Pizza Chef, with its combination of match-three and restaurant management gameplay, might seem at first glance a playable if unremarkable time-waster good for a few hours of harmless fun. Dig deeper, however, and you’ll see that something more sinister is going on. Pizza Chef bears more than a passing resemblance to Gamenauts’ Burger Rush but with far less charm and polish and some downright illogical design decisions. In short, Pizza Chef seems like a game rushed out thoughtlessly and on the cheap after swiping another developer’s core concepts. Ouch.

Okay, so Pizza Chef isn’t quite a carbon copy of Burger Rush. Where in Burger Rush you match ingredients in order to fill each burger recipe (such as 8 patties, 5 lettuce and 6 tomato), in Pizza Chef the grid represents a giant stove top where creating matches lights the individual burners on the stove. When enough burners are lit, you can drag the pizza the customer has ordered onto the stove to cook it. Each pizza is a different shape that takes up more or less squares – the bigger the pizza, the more money it’s worth.

While we understand that there’s a difference between taking a good idea and putting your own unique twists on it and all-out copying – if we didn’t, we’d be calling out every hidden object game for copying Where’s Waldo and every time management game for ripping off Diner Dash – the list of similarities between Pizza Chef and Burger Rush is a little too long for comfort.

Screenshots – Burger Rush (left), Pizza Chef (right)







Examining side-by-side screenshots of the two games reveals parallels that include the restaurant layout, the upgrades screen, and the shopping screen (where in both cases items are listed on two rows while the characters stand off to the left, both pushing a shopping cart and wearing identical red scarves). The How to Play section, not pictured, is also similar.

What’s even worse than this blatant “borrowing” is that little thought was apparently given to whether grafting a pizza shop premise over top of the existing framework would actually make sense. For example, customers frequently ask for side dishes along with the pizza that give you a bit of extra cash and raise the customer’s disposition. Fries sort of make sense (at least I can buy a side of fries at my local pizza joint if I want to), but hamburgers? And toast?!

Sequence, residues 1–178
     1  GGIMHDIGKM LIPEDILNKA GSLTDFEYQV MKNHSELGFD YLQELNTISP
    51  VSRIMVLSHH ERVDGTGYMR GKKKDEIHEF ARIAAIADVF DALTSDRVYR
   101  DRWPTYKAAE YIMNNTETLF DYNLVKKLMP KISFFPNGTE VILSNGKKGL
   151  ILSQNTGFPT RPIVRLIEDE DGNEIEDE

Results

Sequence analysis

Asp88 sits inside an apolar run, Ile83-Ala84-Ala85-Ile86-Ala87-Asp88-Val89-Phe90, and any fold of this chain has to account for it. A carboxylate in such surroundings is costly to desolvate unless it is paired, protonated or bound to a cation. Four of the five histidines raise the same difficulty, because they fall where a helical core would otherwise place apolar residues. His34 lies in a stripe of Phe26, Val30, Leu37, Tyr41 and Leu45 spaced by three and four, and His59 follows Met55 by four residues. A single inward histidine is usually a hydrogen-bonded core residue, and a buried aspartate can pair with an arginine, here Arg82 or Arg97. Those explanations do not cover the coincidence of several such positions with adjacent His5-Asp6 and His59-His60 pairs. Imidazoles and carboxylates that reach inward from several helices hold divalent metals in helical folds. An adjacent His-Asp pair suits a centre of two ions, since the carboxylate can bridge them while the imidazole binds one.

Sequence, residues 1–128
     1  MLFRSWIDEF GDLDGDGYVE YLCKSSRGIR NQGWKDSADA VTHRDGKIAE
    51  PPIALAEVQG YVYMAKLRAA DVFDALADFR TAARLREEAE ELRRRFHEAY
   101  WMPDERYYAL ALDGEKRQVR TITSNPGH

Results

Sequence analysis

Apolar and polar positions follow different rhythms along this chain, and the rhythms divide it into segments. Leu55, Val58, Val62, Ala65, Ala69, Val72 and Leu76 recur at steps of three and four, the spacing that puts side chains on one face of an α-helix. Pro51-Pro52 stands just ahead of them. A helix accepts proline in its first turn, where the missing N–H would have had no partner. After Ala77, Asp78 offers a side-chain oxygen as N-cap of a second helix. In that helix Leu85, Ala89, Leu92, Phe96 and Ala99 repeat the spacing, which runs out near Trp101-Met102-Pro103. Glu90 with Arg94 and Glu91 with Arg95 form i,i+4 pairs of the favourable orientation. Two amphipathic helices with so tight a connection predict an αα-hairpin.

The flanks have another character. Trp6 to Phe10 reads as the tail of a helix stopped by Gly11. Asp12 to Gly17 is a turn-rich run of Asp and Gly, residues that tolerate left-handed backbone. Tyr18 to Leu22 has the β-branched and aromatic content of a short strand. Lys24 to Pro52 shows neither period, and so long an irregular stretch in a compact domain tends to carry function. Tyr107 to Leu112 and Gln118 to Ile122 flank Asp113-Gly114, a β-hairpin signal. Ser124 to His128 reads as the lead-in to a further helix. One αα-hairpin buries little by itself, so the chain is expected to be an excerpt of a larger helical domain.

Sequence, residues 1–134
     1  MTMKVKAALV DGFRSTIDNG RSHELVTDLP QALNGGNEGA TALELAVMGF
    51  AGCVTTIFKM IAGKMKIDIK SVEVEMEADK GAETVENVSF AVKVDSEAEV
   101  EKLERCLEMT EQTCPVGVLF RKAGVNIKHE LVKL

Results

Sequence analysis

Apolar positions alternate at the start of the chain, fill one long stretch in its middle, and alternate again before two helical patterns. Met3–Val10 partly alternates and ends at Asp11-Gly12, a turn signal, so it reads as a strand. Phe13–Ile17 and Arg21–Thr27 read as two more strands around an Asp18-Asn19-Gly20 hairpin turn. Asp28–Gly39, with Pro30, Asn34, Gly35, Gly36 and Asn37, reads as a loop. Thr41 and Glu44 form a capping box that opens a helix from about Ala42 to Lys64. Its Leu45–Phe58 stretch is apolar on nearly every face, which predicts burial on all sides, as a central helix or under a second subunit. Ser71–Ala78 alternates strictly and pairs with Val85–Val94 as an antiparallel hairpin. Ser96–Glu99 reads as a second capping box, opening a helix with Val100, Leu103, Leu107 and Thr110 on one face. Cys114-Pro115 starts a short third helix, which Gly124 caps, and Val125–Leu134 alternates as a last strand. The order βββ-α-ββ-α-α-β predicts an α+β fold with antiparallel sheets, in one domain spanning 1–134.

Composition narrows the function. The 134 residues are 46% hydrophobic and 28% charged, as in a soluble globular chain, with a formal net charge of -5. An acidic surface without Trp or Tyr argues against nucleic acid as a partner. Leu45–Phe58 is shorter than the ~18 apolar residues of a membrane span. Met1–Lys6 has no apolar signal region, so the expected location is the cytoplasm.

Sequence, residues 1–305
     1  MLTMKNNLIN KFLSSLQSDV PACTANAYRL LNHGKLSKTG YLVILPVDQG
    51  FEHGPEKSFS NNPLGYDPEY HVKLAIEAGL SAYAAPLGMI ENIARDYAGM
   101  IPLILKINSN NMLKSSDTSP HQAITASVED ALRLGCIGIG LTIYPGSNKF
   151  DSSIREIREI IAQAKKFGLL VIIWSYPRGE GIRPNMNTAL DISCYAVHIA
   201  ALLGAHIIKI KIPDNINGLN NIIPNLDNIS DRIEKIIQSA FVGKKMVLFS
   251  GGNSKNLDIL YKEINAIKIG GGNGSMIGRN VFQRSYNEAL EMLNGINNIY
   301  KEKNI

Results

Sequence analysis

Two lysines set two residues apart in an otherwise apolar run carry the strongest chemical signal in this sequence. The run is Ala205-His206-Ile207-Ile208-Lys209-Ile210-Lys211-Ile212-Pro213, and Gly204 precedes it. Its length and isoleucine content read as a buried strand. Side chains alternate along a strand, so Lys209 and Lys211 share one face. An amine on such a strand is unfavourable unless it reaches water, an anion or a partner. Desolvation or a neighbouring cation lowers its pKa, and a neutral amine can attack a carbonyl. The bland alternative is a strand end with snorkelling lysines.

Then there are the bomb power-ups that appear on the grid. Clicking on them blows them up and ignites all the burners nearby. It’s a neat trick, but it begs the question of why there are bombs in a pizza restaurant in the first place. Electrically-charged ingredients that ignite all burners in horizontal and vertical lines when matched round out the unlikely list of power-ups. There are also sundaes that will increase the disposition of the angriest restaurant patron – but those were in Burger Rush too.

You’ll get to serve a variety of customers but they don’t have much personality thanks to lacklustre graphics and downright lazy sound effects. When a customer orders a side-dish, for example, they make an unintelligible munchkin sound, and when angry they all make the same manly “grr” sound – even the old grannies.

There’s also a rudimentary hidden object bonus round where you help people find possessions they’ve left at the restaurant by searching for the items that appear in thought bubbles above customers’ heads. This is actually a fun idea, but the graphics are so primitive, with objects often so skewed or stretched that they’re almost beyond recognition, that it just ends up being ham-fisted.

They say imitation is the sincerest form of flattery, and it’s only natural that when a cool game design concept comes along (like combining match three and restaurant management), other developers will jump on it and add their own unique twists to take it in new directions. Pizza Chef swaps burgers for pizza, introduces the placing of pizzas on a grid lit up by matching ingredients, and adds hidden object bonus rounds. However, the passionless and derivative way these twists are implemented leaves a whole lot to be desired.